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But assuming that the Argies seize the islands, just like 30 years ago, how exactly would Britain throw them out? Would it still be possible?

 

Should they manage to take the islands, the Brits still retain most of the capabilities to evict them (landing ships, troops, subs), the only doubt would be a certain lack of air cover, but the RN is much better at AA today than in 1982, while the FAA/COAN is much weaker than it was then.

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Thats not what IVE heard. ;)

http://www.lindisfarne.org.uk/793/

 

Malicious propaganda!

 

Finns were not vikings and share no linguistical community. We have been peace-loving people with no raiding, no sir! That was Norwegians, I swear!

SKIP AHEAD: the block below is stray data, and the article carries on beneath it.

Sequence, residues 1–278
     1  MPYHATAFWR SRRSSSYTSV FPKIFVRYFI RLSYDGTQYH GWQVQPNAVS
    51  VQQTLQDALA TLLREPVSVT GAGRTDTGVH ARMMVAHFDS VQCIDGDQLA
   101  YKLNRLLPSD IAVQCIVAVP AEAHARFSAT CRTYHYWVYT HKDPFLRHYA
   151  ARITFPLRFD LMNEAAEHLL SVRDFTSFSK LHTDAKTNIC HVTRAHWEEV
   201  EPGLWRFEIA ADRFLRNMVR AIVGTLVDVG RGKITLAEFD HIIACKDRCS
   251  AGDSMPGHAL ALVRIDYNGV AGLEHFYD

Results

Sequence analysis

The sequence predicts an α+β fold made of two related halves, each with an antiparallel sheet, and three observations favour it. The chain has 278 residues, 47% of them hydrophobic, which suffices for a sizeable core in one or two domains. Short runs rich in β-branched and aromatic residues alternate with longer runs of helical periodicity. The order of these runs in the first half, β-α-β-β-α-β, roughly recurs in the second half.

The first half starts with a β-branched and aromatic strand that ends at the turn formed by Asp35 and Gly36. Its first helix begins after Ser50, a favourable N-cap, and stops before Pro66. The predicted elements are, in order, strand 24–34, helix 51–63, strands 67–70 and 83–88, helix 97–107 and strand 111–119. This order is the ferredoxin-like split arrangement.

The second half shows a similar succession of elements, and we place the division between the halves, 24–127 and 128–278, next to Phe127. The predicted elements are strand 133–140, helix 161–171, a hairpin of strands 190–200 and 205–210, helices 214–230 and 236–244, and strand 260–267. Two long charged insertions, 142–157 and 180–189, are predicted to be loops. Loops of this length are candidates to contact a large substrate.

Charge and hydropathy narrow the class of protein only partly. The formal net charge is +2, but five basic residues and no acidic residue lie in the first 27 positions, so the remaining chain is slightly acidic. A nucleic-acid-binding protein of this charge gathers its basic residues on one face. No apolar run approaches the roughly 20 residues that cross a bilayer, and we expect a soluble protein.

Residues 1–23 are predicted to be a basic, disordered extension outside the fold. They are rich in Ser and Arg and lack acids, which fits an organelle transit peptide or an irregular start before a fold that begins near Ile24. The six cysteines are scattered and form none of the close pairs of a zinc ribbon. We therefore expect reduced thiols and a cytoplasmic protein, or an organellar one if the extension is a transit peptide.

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Malicious propaganda!

 

Finns were not vikings and share no linguistical community. We have been peace-loving people with no raiding, no sir! That was Norwegians, I swear!

That's right, you guys were heathens back then.... oh, wait... ^_^

 

/R

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OH, FOR FCUKS SAKE! Belgrano was a combatant vessel of a nation which had initiated hostilities with the UK government. Who gives a flying leap at a rolling donut WHERE she was, or where she was going? The Brits would have been within their rights to sink the damned thing at the docks. I cannot believe the whining, wailing, and gnashing of teeth over the sinking of the Belgrano.

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Rickard is right...one of the last countries in Europe to convert to christianity. My second name "Tapio" is still old "god of forests", personified in bear.

 

We peeved Swedes so much, that they decided to do something about it, in 1035 CE.